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Today's Features

  • Daniel Boone was Kentucky’s most famous frontiersman, but a historian says he did not get proper credit for being an accomplished land surveyor, and was the unfortunate victim of a misnomer that made him appear a bumbling backwoodsman.

    Author-historian Neal Hammon of Shelby County says Boone was the leader of the westward movement and his land surveys show he knew what he was doing. Hammon has studied Boone’s surveys and doesn’t buy the often-heard allegation that the explorer lost his own land claims because of inattention or ineptness.

  • James Allen Tipton was recently awarded the Graduate of Realtor Institute (GRI) designation from the Kentucky Association of Realtors.

    The GRI designation is only awarded to realtors who have successfully completed 96 hours of classroom training in specific areas of the real estate business.

    Tipton said that in order to represent his real estate customers and clients, it is vital that he continually increase his knowledge and training in the real estate field.

    He also holds an accredited buyer representative designation.

  • Even in these difficult financial times, ensuring world-class learning opportunities for every student is the singular focus of Jeanie Stevens, Scott Travis, Mary Ann Carden, Sandy Clevenger, and Shannon Medley, the members of the Spencer County Board of Education.

    For their individual and collective dedication to this community, the Spencer County faculty, staff and students honor these individuals during Kentucky’s observation of January 2010 as School Board Member Recognition Month.

  • The amazing thing about discussing the Bible with a lot of Christian people and bringing up scripture in the Old Testament and if it is something they don’t want to abide by they will say yes that is in the Old Testament. When I wrote about drinking alcohol I heard this a lot.

    Isaiah 5:11-14 – Woe unto them that rise up early in the morning, that they may follow strong drink; that continue until night, till wine inflame them!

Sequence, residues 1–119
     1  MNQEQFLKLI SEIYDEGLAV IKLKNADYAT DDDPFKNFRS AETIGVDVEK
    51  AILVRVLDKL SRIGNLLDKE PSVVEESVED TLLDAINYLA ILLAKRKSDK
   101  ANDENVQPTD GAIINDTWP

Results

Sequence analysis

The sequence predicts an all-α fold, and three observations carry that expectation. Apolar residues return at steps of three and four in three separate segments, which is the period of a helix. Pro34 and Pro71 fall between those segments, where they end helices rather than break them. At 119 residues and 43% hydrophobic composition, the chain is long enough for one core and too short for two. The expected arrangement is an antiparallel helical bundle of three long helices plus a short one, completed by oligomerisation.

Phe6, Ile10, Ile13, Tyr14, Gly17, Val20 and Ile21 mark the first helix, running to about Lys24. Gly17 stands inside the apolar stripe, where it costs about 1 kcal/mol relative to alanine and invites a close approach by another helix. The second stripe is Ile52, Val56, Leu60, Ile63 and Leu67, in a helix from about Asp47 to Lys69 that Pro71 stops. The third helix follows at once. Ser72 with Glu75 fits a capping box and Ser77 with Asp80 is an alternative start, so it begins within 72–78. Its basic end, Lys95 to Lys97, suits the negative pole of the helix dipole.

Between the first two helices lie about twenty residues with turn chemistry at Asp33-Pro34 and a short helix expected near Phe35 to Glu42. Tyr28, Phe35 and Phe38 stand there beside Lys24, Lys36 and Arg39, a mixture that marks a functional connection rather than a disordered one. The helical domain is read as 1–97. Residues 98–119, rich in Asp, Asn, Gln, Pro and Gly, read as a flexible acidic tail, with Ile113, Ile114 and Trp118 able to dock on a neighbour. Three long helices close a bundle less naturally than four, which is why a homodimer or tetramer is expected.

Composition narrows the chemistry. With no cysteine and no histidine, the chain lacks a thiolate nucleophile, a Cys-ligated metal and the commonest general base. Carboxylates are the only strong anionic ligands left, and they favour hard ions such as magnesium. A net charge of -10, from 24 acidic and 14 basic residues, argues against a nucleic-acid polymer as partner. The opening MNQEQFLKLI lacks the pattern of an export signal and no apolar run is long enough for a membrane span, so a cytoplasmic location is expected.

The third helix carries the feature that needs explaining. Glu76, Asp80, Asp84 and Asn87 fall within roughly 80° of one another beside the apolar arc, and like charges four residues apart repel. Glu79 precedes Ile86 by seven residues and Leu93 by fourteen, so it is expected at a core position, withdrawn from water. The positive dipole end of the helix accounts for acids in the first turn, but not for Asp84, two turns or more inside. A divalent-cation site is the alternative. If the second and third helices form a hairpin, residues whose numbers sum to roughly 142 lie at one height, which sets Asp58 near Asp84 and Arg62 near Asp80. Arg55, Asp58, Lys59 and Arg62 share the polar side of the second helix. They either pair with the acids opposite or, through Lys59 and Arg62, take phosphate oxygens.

• Did you ever drive down the road and see those historical markers?  You know, “Here in 1755, something important happened?”  Those markers are there to remind us of our heritage and our history.   They are important in reminding us who we were and also who we are.

  • In the middle of the 20th century, the traditional method of raising and finishing cattle on the farm gave way to a newer concept of Midwest-based feedlots that could take advantage of low priced grain and improved transportation to finish and market beef in vast quantities. But half a century later, the traditional production model is beginning to reemerge.

  • Spencer County High School has announced the names of six students who have been selected as candidates to participate in the Governor’s Scholars’ summer program for 2010. 

    The selected students are Steven Barlow, son of Steven and Michele Barlow; Ryan Conard, son of Craig and Stacy Conard;  Arden Cooper, daughter of Dan and Terri Cooper; Arden Gregory, daughter of Ron and Amy Gregory; Alison McGaughey, daughter of Ronnie and Tanya K. McGaughey; and Chase Thomas, son of Kevin and Diana Thomas.  

  • Submitted to The Spencer Magnet

    The Spencer County High School welding team recently won the regional FFA welding contest. Pictured above are team members (front, from left) Gabe Stodghill, Wesley Kendall, Justin Goodlett, (back) Ethan Sheeley and Scotty Jewell.

     

  • Valley Cemetery Stockholders meeting

    The stockholders of Valley Cemetery will meet January 29 at 7 p.m. for the purpose of electing 5 people for the Board of Directors for a two-year term.

    Spencer County Youth Football  

  • The Louisville Chapter of Trout Unlimited is sponsoring the Spencer County “Trout in The Classroom” Project.

    The husband and wife team of Sean and Shannon Buynak are pioneering the project in Spencer County. Sean teaches 8th grade at Spencer County Middle School and Shannon is a 3rd grade teacher at Taylorsville Elementary.

     Each classroom was the recipient of 300 rainbow trout eggs from the Wolf Creek Hatchery.